Does a .300 Hitter Actually Hit .300? Part 2

Does a .300 hitter actually hit .300? A small sample size can make a seemingly incredible stat less than impressive, but when does a sample stop being a small sample? Mike Richmond looks at some real world examples to test the theory he came up with in his previous article.

If a baseball player hits .300, does that mean that he’s a .300 hitter? In a previous article, I put this seemingly tautological question under the microscope, and decided that the answer can be “no.” If one makes a very simple model of a .300 hitter, one that treats him as a die with a fixed probability of .300 of getting a hit in each at-bat, then it turns out that his actual batting average after any reasonable number of attempts will very likely NOT be .300. Instead, it will fall usually within some small range of .300; the larger the sample, the smaller the range.

More precisely, our simple model predicts that if a batter has some constant intrinsic batting average P, and if his chance of getting a hit in each at-bat is an independent random event with probability P, then over a season, his actual batting average ought to fall within some particular range of P. For a sample of 648 ABs, our simulations suggest that 95 percent of the batters should fall within +/- .036 of P. For a more typical 600 ABs, the range should be a bit larger; perhaps +/- .040, as a round number (these values updated July 8; thanks to AN for the tip).

This article tests that simple model: Do its predictions match the performance of real players? Our first examples will be three batters who have hit well for a long time; after that, I’ll examine a couple of players whose poor performance in small sample sizes has raised questions about their futures.

Three good hitters with long track records

Let’s pick three players to check this prediction, players with careers long enough to provide a decent statistical sample. To make it interesting, we’ll choose good hitters: The two active leaders in career batting average in the American League, plus the active leader among the 2015 Red Sox. Can you name these players?




(I’ll wait for you to guess.)




(Got it?)




They are Miguel Cabrera (.321), Joe Mauer (.312), and Dustin Pedroia (.300), who just barely beats out Hanley Ramirez (.299) for bragging rights in the Boston dugout.

In each case, I’ll discard the first three years from the batter’s record, to account for an extended learning period. I’ll also run simulations for 600 ABs (4 per game for 150 games), rather than 648 (4 per game for 162 games), since that matches more closely the typical experience of a healthy MLB batter.

In the case of Miguel Cabrera, his “mature” career phase began in 2006 at 23 years old with the Florida Marlins. After two good years in Florida, Cabrera moved to the Detroit Tigers, where he has flourished ever since. A set of 1,000 idealized .329 hitters would have a range of performance shown by the red bars in the histogram below; 95 percent of them would fall between .292 and .368, as indicated by the blue band. The real Cabrera’s statistics, shown by the black circles and magenta triangle, lie squarely within the range of the idealized model:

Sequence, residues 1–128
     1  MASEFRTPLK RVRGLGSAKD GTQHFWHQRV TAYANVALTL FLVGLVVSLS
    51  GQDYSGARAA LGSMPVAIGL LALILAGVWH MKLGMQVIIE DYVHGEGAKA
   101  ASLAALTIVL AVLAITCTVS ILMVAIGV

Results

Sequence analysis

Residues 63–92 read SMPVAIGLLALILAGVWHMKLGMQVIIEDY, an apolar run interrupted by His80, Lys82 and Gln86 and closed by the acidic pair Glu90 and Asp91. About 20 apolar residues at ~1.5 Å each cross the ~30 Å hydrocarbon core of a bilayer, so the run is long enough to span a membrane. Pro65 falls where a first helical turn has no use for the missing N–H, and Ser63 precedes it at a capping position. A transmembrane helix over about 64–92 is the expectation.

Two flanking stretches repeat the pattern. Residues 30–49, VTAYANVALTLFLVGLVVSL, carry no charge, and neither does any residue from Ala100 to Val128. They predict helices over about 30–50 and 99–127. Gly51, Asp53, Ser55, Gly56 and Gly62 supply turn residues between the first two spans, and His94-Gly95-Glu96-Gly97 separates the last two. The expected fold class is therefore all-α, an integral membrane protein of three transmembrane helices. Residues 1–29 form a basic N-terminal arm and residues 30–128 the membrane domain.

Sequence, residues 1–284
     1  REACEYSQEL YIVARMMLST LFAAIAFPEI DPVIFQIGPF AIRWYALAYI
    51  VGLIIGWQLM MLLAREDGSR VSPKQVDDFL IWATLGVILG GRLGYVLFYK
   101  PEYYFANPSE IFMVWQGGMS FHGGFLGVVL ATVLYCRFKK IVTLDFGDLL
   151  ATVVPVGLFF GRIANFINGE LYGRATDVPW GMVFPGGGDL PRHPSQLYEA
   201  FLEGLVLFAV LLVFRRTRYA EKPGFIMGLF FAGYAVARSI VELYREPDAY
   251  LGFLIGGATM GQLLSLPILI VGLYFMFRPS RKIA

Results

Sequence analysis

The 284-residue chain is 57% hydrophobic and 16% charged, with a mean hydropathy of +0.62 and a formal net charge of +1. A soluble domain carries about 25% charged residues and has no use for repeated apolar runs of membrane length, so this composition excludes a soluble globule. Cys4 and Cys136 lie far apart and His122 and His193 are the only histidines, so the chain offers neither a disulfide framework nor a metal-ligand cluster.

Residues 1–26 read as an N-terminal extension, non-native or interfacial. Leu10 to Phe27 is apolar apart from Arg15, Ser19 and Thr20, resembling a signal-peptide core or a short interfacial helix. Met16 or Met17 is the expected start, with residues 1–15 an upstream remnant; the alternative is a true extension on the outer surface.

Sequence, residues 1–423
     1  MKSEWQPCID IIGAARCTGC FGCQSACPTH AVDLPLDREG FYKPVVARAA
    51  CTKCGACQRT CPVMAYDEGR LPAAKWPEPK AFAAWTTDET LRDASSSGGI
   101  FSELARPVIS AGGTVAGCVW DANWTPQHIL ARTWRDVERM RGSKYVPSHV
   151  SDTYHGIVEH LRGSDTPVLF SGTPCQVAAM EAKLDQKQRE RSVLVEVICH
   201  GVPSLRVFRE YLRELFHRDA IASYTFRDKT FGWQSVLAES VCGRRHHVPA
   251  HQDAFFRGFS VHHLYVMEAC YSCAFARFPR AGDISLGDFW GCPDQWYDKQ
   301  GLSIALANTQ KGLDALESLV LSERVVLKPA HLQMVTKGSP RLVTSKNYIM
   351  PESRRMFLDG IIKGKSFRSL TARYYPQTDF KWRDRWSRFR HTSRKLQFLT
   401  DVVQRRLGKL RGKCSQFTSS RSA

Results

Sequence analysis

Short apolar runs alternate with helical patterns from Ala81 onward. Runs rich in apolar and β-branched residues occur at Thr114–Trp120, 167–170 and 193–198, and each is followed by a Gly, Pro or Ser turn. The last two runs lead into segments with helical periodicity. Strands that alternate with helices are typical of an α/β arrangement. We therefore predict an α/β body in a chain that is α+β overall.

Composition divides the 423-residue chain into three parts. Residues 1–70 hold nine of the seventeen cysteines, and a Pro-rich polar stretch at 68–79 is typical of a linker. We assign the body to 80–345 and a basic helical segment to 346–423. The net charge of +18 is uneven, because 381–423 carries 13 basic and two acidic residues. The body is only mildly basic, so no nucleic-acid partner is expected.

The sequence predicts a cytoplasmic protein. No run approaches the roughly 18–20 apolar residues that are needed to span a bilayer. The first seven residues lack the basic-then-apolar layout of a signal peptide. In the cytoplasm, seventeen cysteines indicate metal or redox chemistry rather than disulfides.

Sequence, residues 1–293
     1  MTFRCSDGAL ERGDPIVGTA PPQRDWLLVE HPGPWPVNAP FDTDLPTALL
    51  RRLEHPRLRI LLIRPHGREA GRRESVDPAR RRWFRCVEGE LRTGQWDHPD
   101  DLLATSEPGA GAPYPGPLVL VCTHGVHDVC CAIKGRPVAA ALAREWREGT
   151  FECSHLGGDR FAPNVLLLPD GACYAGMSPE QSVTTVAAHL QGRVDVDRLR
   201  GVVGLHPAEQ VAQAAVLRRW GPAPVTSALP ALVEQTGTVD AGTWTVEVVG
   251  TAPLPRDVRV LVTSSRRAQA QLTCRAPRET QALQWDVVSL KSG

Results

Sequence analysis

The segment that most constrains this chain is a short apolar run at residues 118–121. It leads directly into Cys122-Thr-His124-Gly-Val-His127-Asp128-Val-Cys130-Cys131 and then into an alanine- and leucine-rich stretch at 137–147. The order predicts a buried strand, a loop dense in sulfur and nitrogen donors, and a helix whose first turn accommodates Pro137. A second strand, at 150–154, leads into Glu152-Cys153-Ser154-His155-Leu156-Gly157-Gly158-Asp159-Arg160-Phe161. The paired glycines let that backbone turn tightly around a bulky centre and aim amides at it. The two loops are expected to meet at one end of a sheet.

Our next batter, Joe Mauer, has spent his entire career with the Minnesota Twins. His first “mature” year was 2007, at age 24, so he started one year older than Cabrera. A group of idealized batters with his .311 batting average falls mostly into the range .273 to .349. All but one of Mauer’s actual year-end values do fall within this range… but that one outlier is a doozy. In 2009, Mauer hit .365 with a full slash line of .365/.444/.587 for a league-leading 171 OPS+, all while winning the AL MVP:

Our final example of a long-time player is Boston’s Dustin Pedroia. He was a quick learner, as his best batting average (.326) occurred in his third year (2008, at 24 years old). That won’t appear in our analysis, since we discard the first three years of each player’s career, leaving Pedroia’s “mature” batting average at .295. As the graph below shows, Pedroia has been very consistent, staying well within the bounds of the expected performance:

The simple model of batters behaving like dice does provide a decent match to the actual performance of real players. For these three players, we find that 25 out of 26 seasons fall within the 95-percent regions. Yes, that means that one season falls outside the expected range; but that’s exactly what one would expect: about 1 of 20 SHOULD be outliers.

Great! Our model appears to provide reasonable results. Now, let’s apply the model to a couple of interesting cases from this season’s Red Sox team.

Jackie Bradley Jr. – not really a fair test?

Jackie Bradley, Jr. is a fairly young player: He turned 25 years old in April and has spent portions of three seasons in the major leagues. As I mentioned in the previous article, all real baseball players are subject to a wide range of outside influences, but young players can also be strongly affected by inside influences, such as   experiencing real game situations and facing major league pitchers for the first time. Young players who are still learning how to hit will (one hopes) improve their “true” batting average over time, reaching a plateau after one or two or three years which will afterwards be remembered as their basic skill level.